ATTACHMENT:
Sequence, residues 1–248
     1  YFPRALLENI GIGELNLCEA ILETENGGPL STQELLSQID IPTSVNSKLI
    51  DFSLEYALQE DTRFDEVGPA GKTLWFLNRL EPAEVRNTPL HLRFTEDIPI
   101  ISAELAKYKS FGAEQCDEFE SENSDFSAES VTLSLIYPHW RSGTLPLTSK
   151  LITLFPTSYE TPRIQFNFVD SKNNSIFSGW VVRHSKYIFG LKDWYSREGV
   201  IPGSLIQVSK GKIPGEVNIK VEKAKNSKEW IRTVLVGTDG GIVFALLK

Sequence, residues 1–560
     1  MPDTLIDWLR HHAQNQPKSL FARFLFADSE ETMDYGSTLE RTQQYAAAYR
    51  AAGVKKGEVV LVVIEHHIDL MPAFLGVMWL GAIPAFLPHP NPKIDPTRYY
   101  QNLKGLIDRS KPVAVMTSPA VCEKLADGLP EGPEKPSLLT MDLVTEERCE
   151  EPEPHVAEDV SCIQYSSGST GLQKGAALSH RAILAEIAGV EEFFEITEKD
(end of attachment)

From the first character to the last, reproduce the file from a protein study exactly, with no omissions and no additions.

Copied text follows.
Sequence, residues 1–248
     1  YFPRALLENI GIGELNLCEA ILETENGGPL STQELLSQID IPTSVNSKLI
    51  DFSLEYALQE DTRFDEVGPA GKTLWFLNRL EPAEVRNTPL HLRFTEDIPI
   101  ISAELAKYKS FGAEQCDEFE SENSDFSAES VTLSLIYPHW RSGTLPLTSK
   151  LITLFPTSYE TPRIQFNFVD SKNNSIFSGW VVRHSKYIFG LKDWYSREGV
   201  IPGSLIQVSK GKIPGEVNIK VEKAKNSKEW IRTVLVGTDG GIVFALLK

Sequence, residues 1–560
     1  MPDTLIDWLR HHAQNQPKSL FARFLFADSE ETMDYGSTLE RTQQYAAAYR
    51  AAGVKKGEVV LVVIEHHIDL MPAFLGVMWL GAIPAFLPHP NPKIDPTRYY
   101  QNLKGLIDRS KPVAVMTSPA VCEKLADGLP EGPEKPSLLT MDLVTEERCE
   151  EPEPHVAEDV SCIQYSSGST GLQKGAALSH RAILAEIAGV EEFFEITEKD